Sir Terence Conran dies aged 88: Designer, retailer and restaurateur Sir Terence Conran has died aged 88. His family, who described him as a “visionary”, said he had “passed away peacefully today at his Barton Court home”. A statement released by the Design Museum, which Conran founded, said: “A proud patriot, Sir Terence promoted the best of British design, culture and the arts around the world and at the heart of everything he did was a very simple belief that good design improves the quality of people’s lives. From the late 1940s to the present day, his energy and creativity thrived in his shops, restaurants, bars, cafes and hotels, and through his many design, architecture and furniture-making businesses.” Born in Kingston-upon-Thames in 1931, Conran began his career making and selling furniture in London. He went on to open restaurants across the capital before launching Habitat in 1964, with his third wife, Caroline Herbert. The store grew into a national and international chain known for selling household goods and furniture in contemporary designs. He received a knighthood in 1983 for services to design. His first restaurant, The Soup Kitchen, opened in London in 1953 and he went on to open many more, including the London-based Pont de la Tour, Bibendum and Quaglino’s. By 2006, he had 50 restaurants and had founded Conran Restaurants but, declaring he was no longer getting “personal pleasure” from running them, sold the business. The company became D&D London following a management buyout in 2006 led by Des Gunewardena and David Loewi. He subsequently founded Prescott & Conran with Peter Prescott, which included The Albion concept. Last year, Conran launched contemporary British restaurant and bar, Wilder in Shoreditch, east London, with Richard McLellan, former chef at the Typing Room and Michelin-starred Alyn Williams’ restaurant in Mayfair. His sister, Priscilla Carluccio, helped to start the Carluccio’s restaurant chain with her chef ex-husband Antonio Carluccio.
Gusto launches CVA process: Italian casual dining group Gusto, which has been backed by Palatine Private Equity since 2014, has become the latest sector business to launch a company voluntary agreement (CVA) process, Propel has learned. Propel revealed at the end of July the 18-strong company was working with restructuring advisory firm RSM on an accelerated sales process. A spokesperson for Gusto told Propel: “The covid-19 pandemic has had a significant impact on our business, like many others in the hospitality sector. Following extensive consultation with advisers, it is clear a CVA offers the best solution for all of our stakeholders and would secure the future of the business.” It is thought that the process may lead to the Matt Snell-led company, which employs 750 staff, agreeing new rental terms on the majority of its estate, but could lead to the closure of just a handful of its restaurants. The company estate is a mixture of suburban and city centre locations, and is spread across the north west, Midlands, north east, Yorkshire and Scotland. It includes sites in Edinburgh, Glasgow, Leeds, Liverpool, Manchester and Newcastle. For the year to 31 March 2019, turnover climbed from £32.2m to £32.35m, while Ebitda was maintained at £3.2m. Pre-tax losses at the group narrowed from £2.4m to £2.06m, while operating losses narrowed from £759,000 to £11,000. Earlier this year, the company appointed Frank Bandura, former chief financial officer at Carluccio’s and Gaucho, as interim chief financial officer. Palatine backed a management buyout of then nine-strong Gusto in 2014. Three years later, it secured a £9m funding package from Santander to aid expansion plans.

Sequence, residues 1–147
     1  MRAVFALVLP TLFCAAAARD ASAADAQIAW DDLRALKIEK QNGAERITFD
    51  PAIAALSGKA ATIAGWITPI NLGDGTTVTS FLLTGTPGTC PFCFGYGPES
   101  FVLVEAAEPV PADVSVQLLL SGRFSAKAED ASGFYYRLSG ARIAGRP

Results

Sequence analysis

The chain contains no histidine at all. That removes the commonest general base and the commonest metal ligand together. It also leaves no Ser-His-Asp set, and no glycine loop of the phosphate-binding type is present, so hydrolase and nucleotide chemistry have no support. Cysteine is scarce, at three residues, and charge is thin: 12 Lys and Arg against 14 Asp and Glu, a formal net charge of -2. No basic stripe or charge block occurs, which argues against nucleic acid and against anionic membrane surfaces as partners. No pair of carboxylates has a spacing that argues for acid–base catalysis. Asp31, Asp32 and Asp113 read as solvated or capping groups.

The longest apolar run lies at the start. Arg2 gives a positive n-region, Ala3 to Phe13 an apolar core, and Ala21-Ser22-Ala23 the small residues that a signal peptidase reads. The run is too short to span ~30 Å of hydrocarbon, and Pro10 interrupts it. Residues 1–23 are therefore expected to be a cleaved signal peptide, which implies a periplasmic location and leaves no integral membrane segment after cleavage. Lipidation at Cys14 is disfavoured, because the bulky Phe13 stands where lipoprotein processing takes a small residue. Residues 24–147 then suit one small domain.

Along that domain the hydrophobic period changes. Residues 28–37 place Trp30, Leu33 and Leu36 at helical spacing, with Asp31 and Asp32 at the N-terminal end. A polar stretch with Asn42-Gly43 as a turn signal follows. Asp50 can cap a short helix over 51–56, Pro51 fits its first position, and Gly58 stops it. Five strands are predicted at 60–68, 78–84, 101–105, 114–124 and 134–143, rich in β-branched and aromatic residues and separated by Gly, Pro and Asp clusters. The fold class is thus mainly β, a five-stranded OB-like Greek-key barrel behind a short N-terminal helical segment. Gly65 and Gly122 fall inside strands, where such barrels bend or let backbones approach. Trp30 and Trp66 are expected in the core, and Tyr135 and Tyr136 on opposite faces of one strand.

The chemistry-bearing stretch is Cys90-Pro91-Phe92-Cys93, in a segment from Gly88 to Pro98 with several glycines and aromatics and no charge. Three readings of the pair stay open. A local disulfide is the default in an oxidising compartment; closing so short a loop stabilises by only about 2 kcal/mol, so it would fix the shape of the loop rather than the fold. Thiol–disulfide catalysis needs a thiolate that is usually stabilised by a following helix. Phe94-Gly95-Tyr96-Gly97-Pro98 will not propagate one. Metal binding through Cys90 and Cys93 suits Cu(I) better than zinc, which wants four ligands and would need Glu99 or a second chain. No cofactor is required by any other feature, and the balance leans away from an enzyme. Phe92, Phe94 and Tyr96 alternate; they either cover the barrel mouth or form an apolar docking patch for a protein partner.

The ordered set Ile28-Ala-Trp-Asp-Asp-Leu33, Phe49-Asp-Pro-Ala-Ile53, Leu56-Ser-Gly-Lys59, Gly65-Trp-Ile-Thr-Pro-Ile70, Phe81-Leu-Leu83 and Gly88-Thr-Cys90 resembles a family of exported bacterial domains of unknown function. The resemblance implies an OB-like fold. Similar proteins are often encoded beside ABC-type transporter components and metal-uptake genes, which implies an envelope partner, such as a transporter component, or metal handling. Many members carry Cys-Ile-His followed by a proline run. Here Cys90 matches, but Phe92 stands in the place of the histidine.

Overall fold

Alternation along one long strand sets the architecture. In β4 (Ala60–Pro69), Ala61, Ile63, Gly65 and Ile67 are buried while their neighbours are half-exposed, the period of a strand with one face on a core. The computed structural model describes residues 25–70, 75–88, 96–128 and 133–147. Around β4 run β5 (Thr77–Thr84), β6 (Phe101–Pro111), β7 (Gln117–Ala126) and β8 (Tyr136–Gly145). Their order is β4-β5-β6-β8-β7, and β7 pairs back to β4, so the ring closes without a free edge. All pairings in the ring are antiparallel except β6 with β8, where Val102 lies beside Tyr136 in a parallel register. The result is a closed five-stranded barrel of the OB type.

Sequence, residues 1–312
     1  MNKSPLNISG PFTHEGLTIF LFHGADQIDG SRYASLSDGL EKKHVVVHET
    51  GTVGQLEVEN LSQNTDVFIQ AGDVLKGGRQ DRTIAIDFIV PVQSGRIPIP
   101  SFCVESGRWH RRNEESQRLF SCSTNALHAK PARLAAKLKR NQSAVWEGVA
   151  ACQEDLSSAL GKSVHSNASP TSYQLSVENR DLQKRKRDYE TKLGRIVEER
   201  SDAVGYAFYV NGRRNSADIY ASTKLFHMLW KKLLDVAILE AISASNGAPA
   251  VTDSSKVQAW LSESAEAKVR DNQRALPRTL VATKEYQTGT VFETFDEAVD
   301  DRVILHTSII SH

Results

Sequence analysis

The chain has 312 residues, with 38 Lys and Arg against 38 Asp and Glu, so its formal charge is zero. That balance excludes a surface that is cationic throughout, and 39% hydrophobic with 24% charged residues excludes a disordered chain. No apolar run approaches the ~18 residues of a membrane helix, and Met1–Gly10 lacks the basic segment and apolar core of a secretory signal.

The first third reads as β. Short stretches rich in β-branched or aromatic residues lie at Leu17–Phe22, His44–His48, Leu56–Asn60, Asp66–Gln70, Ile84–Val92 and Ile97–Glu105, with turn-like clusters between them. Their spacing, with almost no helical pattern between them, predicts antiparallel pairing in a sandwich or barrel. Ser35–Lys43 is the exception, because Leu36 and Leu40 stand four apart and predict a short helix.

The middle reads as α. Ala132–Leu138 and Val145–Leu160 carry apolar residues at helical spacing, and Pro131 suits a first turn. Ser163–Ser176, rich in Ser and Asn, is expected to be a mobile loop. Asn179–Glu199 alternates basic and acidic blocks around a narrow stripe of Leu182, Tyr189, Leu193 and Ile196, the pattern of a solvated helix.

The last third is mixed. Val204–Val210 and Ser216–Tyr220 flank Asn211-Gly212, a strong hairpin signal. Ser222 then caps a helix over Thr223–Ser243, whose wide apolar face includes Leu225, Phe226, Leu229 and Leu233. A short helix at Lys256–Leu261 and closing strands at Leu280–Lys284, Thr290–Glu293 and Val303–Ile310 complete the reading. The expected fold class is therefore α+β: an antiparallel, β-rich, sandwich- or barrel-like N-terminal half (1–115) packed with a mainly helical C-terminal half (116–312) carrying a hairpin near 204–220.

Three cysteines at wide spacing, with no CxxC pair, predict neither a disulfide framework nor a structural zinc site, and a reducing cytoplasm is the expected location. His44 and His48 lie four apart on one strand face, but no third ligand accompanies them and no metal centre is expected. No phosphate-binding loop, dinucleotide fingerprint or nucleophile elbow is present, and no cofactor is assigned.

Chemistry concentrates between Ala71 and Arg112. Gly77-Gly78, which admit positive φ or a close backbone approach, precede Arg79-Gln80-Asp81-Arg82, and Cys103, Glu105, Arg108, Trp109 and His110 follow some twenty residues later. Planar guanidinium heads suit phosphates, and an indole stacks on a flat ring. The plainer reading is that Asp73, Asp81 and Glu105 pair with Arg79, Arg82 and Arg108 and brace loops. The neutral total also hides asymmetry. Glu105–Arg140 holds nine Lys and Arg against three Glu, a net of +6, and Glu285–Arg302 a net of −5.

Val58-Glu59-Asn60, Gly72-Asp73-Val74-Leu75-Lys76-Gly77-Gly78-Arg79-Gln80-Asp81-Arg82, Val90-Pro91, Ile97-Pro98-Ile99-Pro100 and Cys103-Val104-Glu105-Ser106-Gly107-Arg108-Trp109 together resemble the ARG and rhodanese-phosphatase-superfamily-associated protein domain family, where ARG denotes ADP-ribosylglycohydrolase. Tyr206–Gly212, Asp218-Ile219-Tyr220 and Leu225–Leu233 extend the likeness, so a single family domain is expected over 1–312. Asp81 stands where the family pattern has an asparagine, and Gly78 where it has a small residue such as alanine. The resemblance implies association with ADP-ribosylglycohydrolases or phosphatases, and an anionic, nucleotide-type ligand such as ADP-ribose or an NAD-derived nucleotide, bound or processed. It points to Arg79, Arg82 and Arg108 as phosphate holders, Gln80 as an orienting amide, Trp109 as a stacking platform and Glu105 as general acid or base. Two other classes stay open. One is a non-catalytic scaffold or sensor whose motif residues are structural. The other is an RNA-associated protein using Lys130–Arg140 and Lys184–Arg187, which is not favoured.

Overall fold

Wasabi looks to the future after CVA is approved: Wasabi, the sushi and bento chain led by Henry Birts and backed by Capdesia, has told Propel it is looking forward to getting the business back on its feet after creditors approved its company voluntary arrangement (CVA) proposal earlier this week. The company said it was “extremely appreciative of the strong support and vote of confidence” it received from its landlords and suppliers, which has now “paved the way to refocus the team on moving the brand forward and setting it up for success in the future, albeit in a continuing challenging environment”. The company launched its CVA process last month, which was expected to lead to a handful of the group’s 51 sites in the UK, including 42 in London, close. The business has so far reopened 31 of its sites over the past two months. Founded in 2003 and employing more than 1,500 staff, Wasabi is heavily reliant on office workers and tourists. In launching the CVA process, the company said, with the likelihood of future trading continuing to be adversely affected by ongoing social distancing measures, the gradual return to the workplace of office workers in London and the reduction in tourism, it was undertaking a financial and operational restructuring programme that would see additional investment from the company’s investors, conditional on the approval of a CVA. Propel understands Wasabi, which was looking to move towards a variable, turnover-based rent system, had decided to embark on the CVA after discussions with a number of landlords hit a stumbling block. The “handful” of sites that will close are thought to comprise mainly of leases that were due to expire in the short term or considered to be loss-making and not viable in the long term. Birts told Propel last month he was looking to keep the number of redundancies to a minimum. Propel revealed in July that Wasabi had appointed KPMG to explore a full range of strategic options, which included seeking potential new investment partners or a purchaser for the business alongside raising funds from existing investors.